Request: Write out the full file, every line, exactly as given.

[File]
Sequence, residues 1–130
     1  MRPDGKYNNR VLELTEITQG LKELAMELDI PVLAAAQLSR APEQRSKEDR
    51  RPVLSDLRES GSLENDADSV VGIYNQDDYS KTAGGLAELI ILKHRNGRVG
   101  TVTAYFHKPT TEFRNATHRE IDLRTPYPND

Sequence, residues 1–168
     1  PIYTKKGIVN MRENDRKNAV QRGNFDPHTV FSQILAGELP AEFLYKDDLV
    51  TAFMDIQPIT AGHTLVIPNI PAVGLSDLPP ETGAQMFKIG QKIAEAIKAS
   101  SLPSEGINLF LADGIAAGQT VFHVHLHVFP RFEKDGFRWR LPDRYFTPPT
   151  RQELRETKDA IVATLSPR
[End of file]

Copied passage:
Sequence, residues 1–130
     1  MRPDGKYNNR VLELTEITQG LKELAMELDI PVLAAAQLSR APEQRSKEDR
    51  RPVLSDLRES GSLENDADSV VGIYNQDDYS KTAGGLAELI ILKHRNGRVG
   101  TVTAYFHKPT TEFRNATHRE IDLRTPYPND

Sequence, residues 1–168
     1  PIYTKKGIVN MRENDRKNAV QRGNFDPHTV FSQILAGELP AEFLYKDDLV
    51  TAFMDIQPIT AGHTLVIPNI PAVGLSDLPP ETGAQMFKIG QKIAEAIKAS
   101  SLPSEGINLF LADGIAAGQT VFHVHLHVFP RFEKDGFRWR LPDRYFTPPT
   151  RQELRETKDA IVATLSPR